When you’ve handled as many headsets as we have, you start to get a sense for the quality of a set based just on the feel of it. Heavy doesn’t always equal higher value but the materials and design give away a lot. Now and then, a manufacturer can surprise you, though, throwing in some extra features you wouldn’t expect and still maintaining a competitive price.
The QPAD QH-25 7.1 Surround headset, as an example, is a budget buy. Coming in under £40, it nevertheless packs in a few additional features you wouldn’t necessarily expect in such a relatively inexpensive device.
For a start, it boasts RGB lighting in the cups, which is almost a must-have these days among YouTubers and streamers. It’s inclusion here though is both good and bad. It’s good because it’s unexpected and, frankly, usually reserved for more expensive models; it’s bad because the implementation isn’t great. For a start, the colour combinations seem very limited, cycling the primaries without many hues in between. Also, it requires a USB plug in to activate them, which is fine if you’re playing on pc but can be a bit awkward on console. Having an extra chunk of wire with a dangling USB on the tip isn’t the end of the world, but it’s not a great look and can make the QH-25 feel a little ungainly.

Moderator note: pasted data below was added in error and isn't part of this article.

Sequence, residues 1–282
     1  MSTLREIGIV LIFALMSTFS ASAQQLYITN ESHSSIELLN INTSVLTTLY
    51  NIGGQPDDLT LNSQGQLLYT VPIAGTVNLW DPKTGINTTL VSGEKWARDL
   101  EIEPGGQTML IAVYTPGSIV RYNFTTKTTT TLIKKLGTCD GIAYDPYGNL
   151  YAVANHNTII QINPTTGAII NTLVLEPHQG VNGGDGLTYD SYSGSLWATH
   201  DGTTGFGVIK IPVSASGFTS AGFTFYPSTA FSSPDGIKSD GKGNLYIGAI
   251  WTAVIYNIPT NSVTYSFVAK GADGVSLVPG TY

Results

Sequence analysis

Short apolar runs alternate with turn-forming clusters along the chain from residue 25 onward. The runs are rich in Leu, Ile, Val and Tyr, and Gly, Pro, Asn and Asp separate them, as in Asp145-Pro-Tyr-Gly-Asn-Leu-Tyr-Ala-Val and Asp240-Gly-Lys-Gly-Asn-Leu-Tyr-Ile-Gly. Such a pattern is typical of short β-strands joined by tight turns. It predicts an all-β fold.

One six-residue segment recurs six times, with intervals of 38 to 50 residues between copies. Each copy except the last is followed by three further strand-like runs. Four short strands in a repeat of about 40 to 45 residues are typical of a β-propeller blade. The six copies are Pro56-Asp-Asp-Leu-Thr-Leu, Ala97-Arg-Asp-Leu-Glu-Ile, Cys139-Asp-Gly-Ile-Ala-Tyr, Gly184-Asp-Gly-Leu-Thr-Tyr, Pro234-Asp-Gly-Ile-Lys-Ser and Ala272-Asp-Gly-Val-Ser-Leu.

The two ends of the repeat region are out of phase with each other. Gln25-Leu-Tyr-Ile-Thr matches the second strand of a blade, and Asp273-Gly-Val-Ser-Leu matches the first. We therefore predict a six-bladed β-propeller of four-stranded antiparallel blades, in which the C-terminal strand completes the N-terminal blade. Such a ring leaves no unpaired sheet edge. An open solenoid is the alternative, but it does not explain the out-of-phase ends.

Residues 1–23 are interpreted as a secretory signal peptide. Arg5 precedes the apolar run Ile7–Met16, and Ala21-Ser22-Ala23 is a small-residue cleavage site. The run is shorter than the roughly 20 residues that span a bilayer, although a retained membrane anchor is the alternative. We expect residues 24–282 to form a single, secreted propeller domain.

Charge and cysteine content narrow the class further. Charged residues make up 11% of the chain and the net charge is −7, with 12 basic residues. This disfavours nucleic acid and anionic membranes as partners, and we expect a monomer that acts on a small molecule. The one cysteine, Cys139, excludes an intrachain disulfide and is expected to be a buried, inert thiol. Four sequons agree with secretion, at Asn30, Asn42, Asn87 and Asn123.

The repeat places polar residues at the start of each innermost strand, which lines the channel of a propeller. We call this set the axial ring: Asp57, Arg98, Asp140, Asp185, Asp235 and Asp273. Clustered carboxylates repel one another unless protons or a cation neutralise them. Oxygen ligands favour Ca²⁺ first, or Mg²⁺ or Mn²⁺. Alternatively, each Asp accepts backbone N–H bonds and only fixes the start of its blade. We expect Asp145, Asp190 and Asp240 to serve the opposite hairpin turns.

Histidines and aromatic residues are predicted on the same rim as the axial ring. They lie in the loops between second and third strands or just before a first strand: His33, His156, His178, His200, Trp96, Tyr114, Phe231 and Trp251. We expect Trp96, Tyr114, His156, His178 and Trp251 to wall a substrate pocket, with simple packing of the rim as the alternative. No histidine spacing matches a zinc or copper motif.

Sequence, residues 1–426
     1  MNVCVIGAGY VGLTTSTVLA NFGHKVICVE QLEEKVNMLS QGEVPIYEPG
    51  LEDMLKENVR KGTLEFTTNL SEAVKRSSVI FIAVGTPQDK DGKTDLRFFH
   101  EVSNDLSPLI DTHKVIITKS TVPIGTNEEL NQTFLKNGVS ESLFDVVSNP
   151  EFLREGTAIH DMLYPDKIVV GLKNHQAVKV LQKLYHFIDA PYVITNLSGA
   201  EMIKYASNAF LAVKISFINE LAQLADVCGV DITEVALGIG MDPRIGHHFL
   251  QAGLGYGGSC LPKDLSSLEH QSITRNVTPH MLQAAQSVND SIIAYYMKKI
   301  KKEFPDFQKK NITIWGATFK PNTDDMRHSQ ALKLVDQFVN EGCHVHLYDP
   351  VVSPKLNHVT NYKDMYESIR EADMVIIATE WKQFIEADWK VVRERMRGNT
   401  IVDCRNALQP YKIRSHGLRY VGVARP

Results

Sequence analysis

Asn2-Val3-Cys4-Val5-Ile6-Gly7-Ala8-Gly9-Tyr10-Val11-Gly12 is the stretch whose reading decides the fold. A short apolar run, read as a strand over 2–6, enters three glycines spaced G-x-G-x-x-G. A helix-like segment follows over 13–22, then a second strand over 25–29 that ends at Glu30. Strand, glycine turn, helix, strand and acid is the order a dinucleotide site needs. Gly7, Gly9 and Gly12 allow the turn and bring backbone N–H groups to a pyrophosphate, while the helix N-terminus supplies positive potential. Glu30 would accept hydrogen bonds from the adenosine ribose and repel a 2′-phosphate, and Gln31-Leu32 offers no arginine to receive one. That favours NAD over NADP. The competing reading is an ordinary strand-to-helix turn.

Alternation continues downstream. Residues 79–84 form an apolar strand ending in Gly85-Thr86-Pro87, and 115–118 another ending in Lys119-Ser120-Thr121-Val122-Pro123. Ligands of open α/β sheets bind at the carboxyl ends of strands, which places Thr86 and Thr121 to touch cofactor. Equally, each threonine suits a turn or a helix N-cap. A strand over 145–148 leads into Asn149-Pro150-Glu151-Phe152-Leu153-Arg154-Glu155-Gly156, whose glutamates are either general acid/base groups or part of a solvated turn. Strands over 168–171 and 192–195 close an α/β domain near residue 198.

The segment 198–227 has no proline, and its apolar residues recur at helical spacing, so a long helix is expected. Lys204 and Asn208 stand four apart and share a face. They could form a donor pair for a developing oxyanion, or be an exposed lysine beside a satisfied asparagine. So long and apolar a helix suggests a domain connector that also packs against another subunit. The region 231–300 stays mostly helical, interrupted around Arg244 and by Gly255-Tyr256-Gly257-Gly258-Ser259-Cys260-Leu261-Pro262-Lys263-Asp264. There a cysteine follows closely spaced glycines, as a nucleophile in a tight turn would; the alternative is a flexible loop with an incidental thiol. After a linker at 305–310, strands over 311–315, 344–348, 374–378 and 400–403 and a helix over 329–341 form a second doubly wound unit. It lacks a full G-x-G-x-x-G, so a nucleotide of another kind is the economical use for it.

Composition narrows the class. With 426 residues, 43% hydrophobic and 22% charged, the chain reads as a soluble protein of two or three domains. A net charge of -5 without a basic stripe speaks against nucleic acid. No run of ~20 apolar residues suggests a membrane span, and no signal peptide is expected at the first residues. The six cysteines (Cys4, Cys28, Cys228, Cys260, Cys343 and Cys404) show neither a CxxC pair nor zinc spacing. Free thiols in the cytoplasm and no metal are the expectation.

Likewise, the 7.1 surround element is reliant on a seperate USB adapter. Again, it’s a nice feature to have, but it’s implemented a little clumsily – especially as the 40mm drivers produce a very decent sound quality on their own. They’re not going to rival anything on the upper end of the market, but the sound is clear whether using the headset with a console, PC, or smart device. It’s almost like the manufacturer felt erroneously under-confident and added bells and whistles to fix a problem that wasn’t there.
The QPAD QH-25 does feel a little cheap though. The plastic is sturdy and durable, and you’ll barely feel them on your head because they’re so lightweight, but the overall design walks a very thin line between minimalist and lacking. Also, the on-ear cups are less comfortable than larger, over-ear cups, but that’s mostly down to personal preference.
For under £40 this is a perfectly functional headset that really doesn’t need the superfluous extras. It’s always nice to get more for your money, but I’d rather features were absent than implemented poorly. That being said, for the pricetag the QH-25 is a fairly sturdy and comparatively feature-rich option, even if it’s not the prettiest.